On Tuesday Mr.Mike Pompeo Secretary of State stated that Iran appeared willing to negotiate over its missile program “for the first time,” in what he and President Trump presented as evidence that sanctions and military pressure were working, less than a month after the president halted a planned military strike against Iran.
But within hours of the statement to reporters, delivered before a cabinet meeting on the White House, the concept was shot down by Iran’s international minister, Mohammad Javad Zarif, who was in New York for a meeting at the United Nations. His spokesman mentioned that the two men had misinterpreted Mr. Zarif’s public statements, in which he repeated past demands that if the United States “wants to talk about missiles, it should stop selling weapons, including missiles, to regional states.”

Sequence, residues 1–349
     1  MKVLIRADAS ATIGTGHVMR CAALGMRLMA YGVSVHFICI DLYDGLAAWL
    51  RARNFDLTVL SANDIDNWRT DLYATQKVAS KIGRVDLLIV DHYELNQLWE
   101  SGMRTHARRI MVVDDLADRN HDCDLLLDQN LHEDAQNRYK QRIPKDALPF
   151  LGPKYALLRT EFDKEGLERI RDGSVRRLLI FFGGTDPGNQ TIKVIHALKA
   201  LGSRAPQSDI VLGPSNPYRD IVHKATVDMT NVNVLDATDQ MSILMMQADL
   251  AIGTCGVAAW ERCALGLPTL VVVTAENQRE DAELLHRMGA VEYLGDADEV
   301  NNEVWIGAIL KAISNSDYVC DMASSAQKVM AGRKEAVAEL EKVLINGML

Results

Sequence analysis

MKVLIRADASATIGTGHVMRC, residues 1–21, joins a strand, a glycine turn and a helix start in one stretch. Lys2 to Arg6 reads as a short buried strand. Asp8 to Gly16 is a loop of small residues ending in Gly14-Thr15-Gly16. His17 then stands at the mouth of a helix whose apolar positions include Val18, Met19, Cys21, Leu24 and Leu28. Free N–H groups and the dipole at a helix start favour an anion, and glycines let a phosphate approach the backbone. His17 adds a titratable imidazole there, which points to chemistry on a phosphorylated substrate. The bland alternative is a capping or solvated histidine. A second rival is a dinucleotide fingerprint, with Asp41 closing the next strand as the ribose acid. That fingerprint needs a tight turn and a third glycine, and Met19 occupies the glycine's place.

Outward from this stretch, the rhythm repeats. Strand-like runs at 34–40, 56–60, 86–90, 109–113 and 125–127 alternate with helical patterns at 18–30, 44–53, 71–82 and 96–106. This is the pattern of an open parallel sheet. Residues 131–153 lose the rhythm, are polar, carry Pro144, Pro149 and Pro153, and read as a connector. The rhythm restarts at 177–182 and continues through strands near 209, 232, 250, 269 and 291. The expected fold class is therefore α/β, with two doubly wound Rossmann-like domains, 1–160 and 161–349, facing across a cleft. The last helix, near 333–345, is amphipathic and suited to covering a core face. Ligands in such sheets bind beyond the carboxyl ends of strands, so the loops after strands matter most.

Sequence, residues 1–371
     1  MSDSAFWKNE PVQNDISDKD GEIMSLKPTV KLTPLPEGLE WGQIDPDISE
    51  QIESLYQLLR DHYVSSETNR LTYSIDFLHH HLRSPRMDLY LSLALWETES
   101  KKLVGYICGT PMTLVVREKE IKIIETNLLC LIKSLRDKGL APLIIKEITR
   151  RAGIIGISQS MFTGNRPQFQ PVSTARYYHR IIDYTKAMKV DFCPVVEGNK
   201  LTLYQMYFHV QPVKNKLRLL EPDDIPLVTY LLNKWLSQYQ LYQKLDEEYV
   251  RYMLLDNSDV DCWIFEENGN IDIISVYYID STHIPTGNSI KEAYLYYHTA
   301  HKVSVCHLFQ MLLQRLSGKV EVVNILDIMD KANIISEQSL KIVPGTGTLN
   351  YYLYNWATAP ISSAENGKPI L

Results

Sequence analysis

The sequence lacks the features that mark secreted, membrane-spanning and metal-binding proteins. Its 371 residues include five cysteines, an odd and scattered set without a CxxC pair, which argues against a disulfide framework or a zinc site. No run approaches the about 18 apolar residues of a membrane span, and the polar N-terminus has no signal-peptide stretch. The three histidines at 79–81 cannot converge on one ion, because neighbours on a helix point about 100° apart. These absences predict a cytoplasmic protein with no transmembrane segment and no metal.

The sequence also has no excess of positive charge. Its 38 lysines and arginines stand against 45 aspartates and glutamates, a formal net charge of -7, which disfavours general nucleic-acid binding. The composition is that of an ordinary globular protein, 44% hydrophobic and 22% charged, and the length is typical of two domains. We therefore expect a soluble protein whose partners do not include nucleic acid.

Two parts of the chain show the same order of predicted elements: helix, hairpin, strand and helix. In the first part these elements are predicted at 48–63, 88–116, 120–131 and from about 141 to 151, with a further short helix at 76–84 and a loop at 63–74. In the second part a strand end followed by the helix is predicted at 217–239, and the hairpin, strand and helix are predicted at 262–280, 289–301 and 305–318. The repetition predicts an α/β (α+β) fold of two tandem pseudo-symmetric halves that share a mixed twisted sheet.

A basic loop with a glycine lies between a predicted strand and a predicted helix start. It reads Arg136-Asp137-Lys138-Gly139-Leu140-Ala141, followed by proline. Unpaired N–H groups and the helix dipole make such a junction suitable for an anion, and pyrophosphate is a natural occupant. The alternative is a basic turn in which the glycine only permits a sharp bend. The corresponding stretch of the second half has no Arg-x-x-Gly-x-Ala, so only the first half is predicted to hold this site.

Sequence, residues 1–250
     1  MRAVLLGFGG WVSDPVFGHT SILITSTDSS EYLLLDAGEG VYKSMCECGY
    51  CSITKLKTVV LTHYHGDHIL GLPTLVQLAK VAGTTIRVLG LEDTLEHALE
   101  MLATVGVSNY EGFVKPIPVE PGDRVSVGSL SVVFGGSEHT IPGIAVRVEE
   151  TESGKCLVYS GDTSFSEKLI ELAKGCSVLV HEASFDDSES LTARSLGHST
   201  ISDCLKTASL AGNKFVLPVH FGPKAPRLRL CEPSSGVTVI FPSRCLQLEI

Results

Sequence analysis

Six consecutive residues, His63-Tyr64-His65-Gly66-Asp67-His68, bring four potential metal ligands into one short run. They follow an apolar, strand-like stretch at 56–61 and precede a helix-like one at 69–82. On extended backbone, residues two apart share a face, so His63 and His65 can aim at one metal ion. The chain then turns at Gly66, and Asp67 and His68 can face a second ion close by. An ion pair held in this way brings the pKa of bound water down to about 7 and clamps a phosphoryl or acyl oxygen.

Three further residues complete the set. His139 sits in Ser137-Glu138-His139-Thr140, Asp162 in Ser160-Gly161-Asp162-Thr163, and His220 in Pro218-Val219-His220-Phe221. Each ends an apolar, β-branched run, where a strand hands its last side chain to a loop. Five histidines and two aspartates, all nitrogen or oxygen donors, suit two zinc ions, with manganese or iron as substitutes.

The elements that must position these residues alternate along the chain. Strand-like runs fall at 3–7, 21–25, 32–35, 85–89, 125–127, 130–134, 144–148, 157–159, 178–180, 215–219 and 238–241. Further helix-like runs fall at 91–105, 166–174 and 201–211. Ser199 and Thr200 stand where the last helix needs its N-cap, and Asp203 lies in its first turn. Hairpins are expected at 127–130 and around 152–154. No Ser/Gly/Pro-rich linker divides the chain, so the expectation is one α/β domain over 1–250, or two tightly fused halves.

It was an apparent reference to American weapons sales to Saudi Arabia, the United Arab Emirates and Iran’s other Arab adversaries.
The odd exchange and the apparent misconstruing of Mr. Zarif’s comments seemed to underscore the eagerness of the White Home to turn weeks of confrontation with Iran into some negotiating opportunity — and a reminder of how hard that will be to accomplish. Iranian officials have repeatedly said they would interact with Mr. Trump only after he re-joined the 2015 nuclear accord, which he withdrew from last year.
The alternate between officials of the two countries followed a string of private messages and efforts at outreach that seemed intended to de-escalate a series of confrontations that many feared could result in warfare, either accidentally or deliberately.